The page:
Some time ago, I published a note on how systems, when operating outside of their range, start to act in unpredictable ways, and I received a comment that went something like “computer (systems) react to something that has been given to it before”, attempting to support the argument that man-made systems have trouble with the unpredictable. I just wanted to set the record straight.
Nothing farther from the truth.
Unpredictability, and the random nature of the world is something that engineers study hard. That’s one of the reasons that telecommunications engineers -and no offense, I am not talking about the good folks who connect stuff together, but those who actually design the network elements and the software and circuitry that goes into them- study statistics and probability to a depth that would make your run-of-the-mill MBA stat class laughable, I mean, Poisson distribution in eight dimensions type hard. Most of the design considerations are based on the fact, that when a user utilizes the system, whatever they are going to put into it is impossible to predict. Your phone doesn’t know what you are going to say next, if you are going to whisper or scream, or you are going to perhaps pipe the concert audio through it. The camera on your phone is the same. It cannot possibly know if you are taking the nth picture of your cat, or just your toe.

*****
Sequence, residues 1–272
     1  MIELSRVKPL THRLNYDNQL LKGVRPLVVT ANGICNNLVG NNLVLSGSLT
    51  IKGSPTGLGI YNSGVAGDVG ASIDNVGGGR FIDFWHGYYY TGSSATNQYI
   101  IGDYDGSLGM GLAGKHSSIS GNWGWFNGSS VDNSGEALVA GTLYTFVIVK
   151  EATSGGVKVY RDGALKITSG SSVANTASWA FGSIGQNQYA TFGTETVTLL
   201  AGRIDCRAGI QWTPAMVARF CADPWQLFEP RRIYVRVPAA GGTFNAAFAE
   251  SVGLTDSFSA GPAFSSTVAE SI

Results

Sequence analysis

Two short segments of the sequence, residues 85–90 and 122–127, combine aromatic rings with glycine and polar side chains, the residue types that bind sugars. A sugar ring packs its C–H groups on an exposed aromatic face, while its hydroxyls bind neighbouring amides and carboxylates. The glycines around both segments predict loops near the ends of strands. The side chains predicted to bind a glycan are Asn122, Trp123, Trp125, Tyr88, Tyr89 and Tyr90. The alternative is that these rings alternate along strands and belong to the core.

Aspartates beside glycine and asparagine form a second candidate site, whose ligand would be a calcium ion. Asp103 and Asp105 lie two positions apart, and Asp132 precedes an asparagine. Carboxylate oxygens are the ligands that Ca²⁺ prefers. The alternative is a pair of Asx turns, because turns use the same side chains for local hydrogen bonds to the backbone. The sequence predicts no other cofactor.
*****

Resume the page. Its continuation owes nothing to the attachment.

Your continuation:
So, no. Computers, and mostly any man-made system is not just doing something that they have been presented before, it is reacting to a statistical model that has been embedded into the design.
Whenever the “signal” that we are trying to put through over-extends the statistical model, the system is operating out of bounds.
One further advancement is to add an “adaptive” feature, designed to adjust certain design parameters, depending on the signal. One ubiquitous adaptive system is the auto exposure of any modern camera, which adjusts sensitivity. Still, there are limitations, that’s why sometimes faces are too dark when shooting against the sun.
The newest advancement with AI, Machine Learning and Neural Networks, is that these new generation systems can actually characterize the signal. In some way they are able to “figure out” what should they do. Sure, throughout this process, we present the system with hundreds, perhaps thousands of examples of what to expect, but they are then capable of generalizing.
So what’s the big deal? Isn’t this just plain progress? One step ahead?
I say no. For two important reasons that we tend to forget: first everything that is digitized improves with Moore’s law, and second, AI and digital systems have reached a point where they are elastic, they can be grown and shrunk according to demand, and with a marginal cost close to zero.
I would be hard-pressed to foresee where this will take us in ten years. It is ironic how our quest to tame the unknown is bringing us further into it.